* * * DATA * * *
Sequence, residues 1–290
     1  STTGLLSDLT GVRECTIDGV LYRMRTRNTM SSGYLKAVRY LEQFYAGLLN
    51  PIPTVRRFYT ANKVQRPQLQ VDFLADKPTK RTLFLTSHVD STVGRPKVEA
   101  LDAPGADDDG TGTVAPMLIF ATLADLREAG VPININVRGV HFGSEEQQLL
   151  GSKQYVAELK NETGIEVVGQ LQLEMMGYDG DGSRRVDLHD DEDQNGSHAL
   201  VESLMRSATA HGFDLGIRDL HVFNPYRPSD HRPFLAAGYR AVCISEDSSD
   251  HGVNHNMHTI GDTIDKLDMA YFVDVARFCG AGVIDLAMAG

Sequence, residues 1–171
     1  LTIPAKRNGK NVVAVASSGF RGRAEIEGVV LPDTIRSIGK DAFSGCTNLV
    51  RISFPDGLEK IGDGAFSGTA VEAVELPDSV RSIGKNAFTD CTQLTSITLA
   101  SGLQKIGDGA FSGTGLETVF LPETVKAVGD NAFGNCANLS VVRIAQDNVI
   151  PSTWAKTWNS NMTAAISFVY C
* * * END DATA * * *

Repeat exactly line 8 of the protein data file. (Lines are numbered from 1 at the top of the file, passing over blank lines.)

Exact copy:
Sequence, residues 1–171